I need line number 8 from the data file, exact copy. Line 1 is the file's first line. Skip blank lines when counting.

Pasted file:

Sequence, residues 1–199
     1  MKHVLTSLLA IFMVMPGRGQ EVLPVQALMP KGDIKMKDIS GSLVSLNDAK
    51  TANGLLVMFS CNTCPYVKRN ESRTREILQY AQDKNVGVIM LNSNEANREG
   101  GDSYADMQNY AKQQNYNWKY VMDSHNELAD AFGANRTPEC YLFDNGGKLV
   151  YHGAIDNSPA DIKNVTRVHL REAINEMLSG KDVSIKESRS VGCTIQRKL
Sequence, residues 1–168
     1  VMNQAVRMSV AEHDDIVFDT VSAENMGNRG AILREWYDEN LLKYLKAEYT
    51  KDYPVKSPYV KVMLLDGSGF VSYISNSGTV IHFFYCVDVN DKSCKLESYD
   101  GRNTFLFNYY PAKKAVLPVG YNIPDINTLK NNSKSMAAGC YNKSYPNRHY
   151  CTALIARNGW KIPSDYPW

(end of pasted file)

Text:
    51  KDYPVKSPYV KVMLLDGSGF VSYISNSGTV IHFFYCVDVN DKSCKLESYD